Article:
What are my rights if I was falsely accused of creating a hostile work environment through words and actions?

UPDATED: Sep 30, 2022

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What are my rights if I was falsely accused of creating a hostile work environment through words and actions?

This co-worker is not being truthful.I have never had any problems with her performance, nor with her.

When I’m not working I chose her to stand in my place. Now pregnant, her duties are limited. I assist her along with other co-workers if she needs help. We are custodians and our work is routine, and we all work independently with minimal supervision. There are time were I have to show my team or them individually the proper way of doing something or ask them do it over at shifts, which rubs some of the workers the wrong way. I am assertive which I have been told it’s my tone. I have learned that it doesn’t matter how I say that some prefer I don’t say anything to them at all. Do I have a right to know specifics such as what specific words and actions I used that created the hostile work environment

due to get being pregnant? I have ask but was never given any specifics.

Asked on June 13, 2017 under Employment Labor Law, Oklahoma


SJZ, Member, New York Bar / FreeAdvice Contributing Attorney

Answered 5 years ago | Contributor

Unless you have a written employment contract (including a union or collective bargaining contract) giving you the right to evidence, a hearing, etc., you have no rights when accused of creating a hostile work environment. Without a contract, you are an "employee at will" and you employer may discipline (up to and including termination) you at any time, for any reason, based on unproven allegations, and without giving you a right to defend yourself. Work is not court: you have no procedural or due process rights unless there is a written contract giving them to you.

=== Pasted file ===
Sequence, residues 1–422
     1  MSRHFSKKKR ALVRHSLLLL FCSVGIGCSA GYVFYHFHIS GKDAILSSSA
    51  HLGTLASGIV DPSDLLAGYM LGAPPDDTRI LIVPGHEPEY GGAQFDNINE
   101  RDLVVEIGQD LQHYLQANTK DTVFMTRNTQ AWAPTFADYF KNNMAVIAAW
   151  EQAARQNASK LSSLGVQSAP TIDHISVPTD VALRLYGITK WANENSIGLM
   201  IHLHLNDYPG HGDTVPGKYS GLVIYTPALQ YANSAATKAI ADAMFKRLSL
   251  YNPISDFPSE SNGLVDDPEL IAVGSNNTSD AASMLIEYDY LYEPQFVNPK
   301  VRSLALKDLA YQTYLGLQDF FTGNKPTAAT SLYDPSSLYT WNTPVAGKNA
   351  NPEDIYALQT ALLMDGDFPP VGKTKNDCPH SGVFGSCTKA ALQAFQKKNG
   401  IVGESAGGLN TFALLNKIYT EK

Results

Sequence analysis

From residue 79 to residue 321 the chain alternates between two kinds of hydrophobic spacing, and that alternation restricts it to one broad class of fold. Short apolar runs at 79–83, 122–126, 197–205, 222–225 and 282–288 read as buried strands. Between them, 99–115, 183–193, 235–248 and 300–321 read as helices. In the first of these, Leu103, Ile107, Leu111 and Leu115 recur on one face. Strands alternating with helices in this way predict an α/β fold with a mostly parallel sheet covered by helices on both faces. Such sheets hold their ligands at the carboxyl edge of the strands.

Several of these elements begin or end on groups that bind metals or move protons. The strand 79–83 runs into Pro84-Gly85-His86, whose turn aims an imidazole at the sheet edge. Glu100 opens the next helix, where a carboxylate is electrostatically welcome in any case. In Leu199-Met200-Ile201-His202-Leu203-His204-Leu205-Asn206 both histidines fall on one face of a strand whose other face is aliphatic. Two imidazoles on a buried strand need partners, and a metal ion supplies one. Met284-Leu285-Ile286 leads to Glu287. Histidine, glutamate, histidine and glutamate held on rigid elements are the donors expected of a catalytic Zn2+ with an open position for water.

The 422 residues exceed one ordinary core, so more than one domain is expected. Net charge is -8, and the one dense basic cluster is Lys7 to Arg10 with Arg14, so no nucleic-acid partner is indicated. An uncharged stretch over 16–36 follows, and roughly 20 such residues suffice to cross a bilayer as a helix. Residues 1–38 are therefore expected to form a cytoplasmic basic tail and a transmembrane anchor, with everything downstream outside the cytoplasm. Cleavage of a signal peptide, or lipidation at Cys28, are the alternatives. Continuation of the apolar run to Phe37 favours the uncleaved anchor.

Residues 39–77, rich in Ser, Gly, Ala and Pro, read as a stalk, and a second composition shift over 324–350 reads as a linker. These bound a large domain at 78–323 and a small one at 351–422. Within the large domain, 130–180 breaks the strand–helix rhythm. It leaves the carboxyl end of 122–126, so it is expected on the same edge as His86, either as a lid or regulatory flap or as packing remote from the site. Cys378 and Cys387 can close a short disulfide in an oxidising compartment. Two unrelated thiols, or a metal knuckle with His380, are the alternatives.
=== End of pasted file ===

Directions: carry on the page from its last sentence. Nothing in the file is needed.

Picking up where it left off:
IMPORTANT NOTICE: The Answer(s) provided above are for general information only. The attorney providing the answer was not serving as the attorney for the person submitting the question or in any attorney-client relationship with such person. Laws may vary from state to state, and sometimes change. Tiny variations in the facts, or a fact not set forth in a question, often can change a legal outcome or an attorney's conclusion. Although AttorneyPages.com has verified the attorney was admitted to practice law in at least one jurisdiction, he or she may not be authorized to practice law in the jurisdiction referred to in the question, nor is he or she necessarily experienced in the area of the law involved. Unlike the information in the Answer(s) above, upon which you should NOT rely, for personal advice you can rely upon we suggest you retain an attorney to represent you.

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